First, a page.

Why Justice Katju said Fali S Nariman's mind is closed within very narrow boundaries,

Amalendu Upadhyaya
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Karan Thapar's interview of Fali Nariman


By Justice Markandey Katju

Why Justice Katju said Fali S Nariman's mind is closed within very narrow boundaries,


The well known Indian journalist Karan Thapar recently interviewed the eminent lawyer Fali Nariman

The interview was related to Mr Nariman's new book '├Łou must know your Constitution'.

In my opinion the most important thing in the interview is not what Mr Nariman said but what he did not say, what he slurred and glossed over.

Mr Nariman talked of the Preamble to the Constitution, interpretation of the Constitution, the basic structure doctrine, whether we needed a new Constitution, one nation one election, lack of tolerance and polarisation of our society, quality of judges and the Collegium system in selecting judges, coalition govt, role of the opposition in Parliament, the Westminster model of Govt, etc

What he left unsaid was this : the parliamentary system of democracy, which was created by the Constitution, is the root cause of most of the problems in India today.

This is because parliamentary elections in India run largely on the basis of caste and communal vote banks ( as everyone knows ). When most voters go to vote they do not have in mind real issues like poverty, unemployment, child malnutrition, price rise, lack of proper healthcare and good education, etc. They do not see the merits of the candidate, whether he is a good man or bad, educated or uneducated, law abiding or criminal. They only see his caste or religion ( or the caste or religion his party claims to represent ). No wonder there are so many persons with criminal backgrounds in our legislatures.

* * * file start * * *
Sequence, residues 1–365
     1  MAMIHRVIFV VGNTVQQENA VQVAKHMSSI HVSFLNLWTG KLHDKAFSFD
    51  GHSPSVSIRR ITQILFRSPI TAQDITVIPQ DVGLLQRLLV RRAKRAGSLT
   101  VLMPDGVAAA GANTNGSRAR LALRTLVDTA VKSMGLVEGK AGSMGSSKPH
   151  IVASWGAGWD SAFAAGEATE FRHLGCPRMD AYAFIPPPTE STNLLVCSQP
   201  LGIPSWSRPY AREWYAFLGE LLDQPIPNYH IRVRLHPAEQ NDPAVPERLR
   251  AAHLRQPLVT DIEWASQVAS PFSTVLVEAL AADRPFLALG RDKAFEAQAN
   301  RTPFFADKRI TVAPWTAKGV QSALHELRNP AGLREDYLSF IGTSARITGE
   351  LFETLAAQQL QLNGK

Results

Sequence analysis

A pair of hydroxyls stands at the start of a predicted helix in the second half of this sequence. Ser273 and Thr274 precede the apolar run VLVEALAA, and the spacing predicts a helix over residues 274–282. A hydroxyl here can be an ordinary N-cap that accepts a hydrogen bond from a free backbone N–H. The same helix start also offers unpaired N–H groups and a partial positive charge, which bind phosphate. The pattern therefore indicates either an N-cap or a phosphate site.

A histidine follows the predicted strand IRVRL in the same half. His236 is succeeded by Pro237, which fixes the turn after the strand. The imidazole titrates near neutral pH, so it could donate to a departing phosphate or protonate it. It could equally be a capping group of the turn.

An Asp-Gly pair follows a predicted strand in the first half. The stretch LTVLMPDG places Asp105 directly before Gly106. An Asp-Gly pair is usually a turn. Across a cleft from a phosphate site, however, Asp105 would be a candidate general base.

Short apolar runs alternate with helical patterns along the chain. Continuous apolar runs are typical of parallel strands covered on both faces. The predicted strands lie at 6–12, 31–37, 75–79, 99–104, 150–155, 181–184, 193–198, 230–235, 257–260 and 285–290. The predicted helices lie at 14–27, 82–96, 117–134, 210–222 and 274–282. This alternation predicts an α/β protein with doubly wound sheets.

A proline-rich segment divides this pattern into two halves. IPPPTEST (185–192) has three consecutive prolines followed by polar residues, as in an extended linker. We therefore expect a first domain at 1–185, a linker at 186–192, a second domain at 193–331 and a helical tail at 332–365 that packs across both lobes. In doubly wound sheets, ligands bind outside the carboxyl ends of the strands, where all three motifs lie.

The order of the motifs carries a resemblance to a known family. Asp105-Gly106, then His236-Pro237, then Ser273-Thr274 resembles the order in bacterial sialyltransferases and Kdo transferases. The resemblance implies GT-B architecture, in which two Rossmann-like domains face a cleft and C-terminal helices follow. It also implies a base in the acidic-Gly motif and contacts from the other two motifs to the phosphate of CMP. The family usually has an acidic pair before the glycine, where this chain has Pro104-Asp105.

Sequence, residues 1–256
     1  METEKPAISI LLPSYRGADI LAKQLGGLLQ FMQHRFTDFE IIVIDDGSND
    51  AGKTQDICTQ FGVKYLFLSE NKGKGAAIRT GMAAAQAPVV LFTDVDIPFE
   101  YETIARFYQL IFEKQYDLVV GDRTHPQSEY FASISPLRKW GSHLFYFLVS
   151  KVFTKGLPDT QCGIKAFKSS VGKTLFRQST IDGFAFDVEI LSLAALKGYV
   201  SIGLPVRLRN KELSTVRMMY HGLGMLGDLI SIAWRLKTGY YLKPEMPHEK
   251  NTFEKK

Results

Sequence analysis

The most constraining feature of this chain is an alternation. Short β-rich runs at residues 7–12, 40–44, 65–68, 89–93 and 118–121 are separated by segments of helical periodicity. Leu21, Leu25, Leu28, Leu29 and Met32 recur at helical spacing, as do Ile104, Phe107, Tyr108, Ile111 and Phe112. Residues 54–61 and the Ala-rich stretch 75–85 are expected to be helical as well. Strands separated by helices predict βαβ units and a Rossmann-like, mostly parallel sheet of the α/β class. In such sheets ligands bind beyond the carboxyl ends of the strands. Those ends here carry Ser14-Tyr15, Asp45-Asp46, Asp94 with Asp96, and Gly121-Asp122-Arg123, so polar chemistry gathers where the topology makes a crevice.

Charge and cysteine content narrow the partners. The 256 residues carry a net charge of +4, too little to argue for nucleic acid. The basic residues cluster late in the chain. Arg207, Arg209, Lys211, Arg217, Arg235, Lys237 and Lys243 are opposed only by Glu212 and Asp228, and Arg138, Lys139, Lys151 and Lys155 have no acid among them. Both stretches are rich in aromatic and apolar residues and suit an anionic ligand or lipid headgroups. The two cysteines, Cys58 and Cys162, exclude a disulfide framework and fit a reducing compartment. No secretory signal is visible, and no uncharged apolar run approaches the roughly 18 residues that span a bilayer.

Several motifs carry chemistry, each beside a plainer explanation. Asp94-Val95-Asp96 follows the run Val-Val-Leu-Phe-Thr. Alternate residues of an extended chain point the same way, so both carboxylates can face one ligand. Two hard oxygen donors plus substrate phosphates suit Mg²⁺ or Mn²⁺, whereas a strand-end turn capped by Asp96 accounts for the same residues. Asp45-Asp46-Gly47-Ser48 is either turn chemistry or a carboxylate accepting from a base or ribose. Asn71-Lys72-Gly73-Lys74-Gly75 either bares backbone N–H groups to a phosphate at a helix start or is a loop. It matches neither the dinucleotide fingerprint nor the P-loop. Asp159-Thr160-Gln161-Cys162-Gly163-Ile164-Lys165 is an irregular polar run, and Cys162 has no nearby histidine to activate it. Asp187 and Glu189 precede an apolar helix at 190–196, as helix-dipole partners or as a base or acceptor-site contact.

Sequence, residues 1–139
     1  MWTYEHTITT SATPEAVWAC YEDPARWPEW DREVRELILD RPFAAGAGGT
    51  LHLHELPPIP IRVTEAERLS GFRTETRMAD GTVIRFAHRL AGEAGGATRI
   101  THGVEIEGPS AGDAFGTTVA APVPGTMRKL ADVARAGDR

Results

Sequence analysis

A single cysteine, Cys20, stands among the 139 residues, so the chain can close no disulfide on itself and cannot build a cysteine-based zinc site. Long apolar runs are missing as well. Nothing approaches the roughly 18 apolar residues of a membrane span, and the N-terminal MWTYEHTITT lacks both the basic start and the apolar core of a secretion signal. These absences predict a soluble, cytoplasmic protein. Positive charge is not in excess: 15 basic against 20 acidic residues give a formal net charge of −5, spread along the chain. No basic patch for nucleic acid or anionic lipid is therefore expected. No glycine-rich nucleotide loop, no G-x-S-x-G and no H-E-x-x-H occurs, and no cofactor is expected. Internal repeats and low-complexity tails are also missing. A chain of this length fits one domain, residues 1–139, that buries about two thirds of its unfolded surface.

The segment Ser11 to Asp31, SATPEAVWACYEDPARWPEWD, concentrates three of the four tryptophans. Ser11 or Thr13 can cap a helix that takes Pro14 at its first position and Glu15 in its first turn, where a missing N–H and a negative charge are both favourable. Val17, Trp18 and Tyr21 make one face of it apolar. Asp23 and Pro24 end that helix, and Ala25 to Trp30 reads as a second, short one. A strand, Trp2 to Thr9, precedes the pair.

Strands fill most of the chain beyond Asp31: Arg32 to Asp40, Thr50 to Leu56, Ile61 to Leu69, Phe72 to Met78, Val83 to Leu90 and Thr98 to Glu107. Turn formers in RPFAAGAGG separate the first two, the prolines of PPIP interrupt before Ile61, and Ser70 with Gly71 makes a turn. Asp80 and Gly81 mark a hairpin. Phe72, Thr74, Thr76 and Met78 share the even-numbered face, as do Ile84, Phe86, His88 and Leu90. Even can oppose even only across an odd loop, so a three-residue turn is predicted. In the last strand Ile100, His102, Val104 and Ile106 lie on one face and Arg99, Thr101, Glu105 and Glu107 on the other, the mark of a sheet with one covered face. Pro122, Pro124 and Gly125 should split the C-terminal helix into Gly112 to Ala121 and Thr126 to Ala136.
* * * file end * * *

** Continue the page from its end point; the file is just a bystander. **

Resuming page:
Casteism and communalism are feudal forces which must be destroyed if India is to progress, but parliamentary elections further entrenches them. How can the country progress under such a system ? Elections take place in some state or the other often several times an year. So the country is perpetually in an election mode, and our political leaders have to keep fanning caste and communal hatred all the time ( presently disputes over Gyanvapi and Mathura mosques are in the limelight, overshadowing what happened in Manipur and Haryana ).

Despite claims to the contrary, the truth is that today in India there is massive poverty, record and rising unemployment, appalling level of child malnutrition ( every second child in India is malnourished, according to Global Hunger Index ), skyrocketing prices of food and other essential commodities, almost total lack of proper healthcare and good education for the masses, etc.


It is claimed that India's GDP is growing. But even assuming that is so, the question to be asked is who is getting the fruits of this growth, only a handful of big businessmen and corporates, or the Indian masses ? It is believed that 9 individuals in India own as much wealth as the bottom half of India's 140 crore population.

Much was made of Chandraayan landing on the moon. But what bearing does this have on our people's miserable plight ?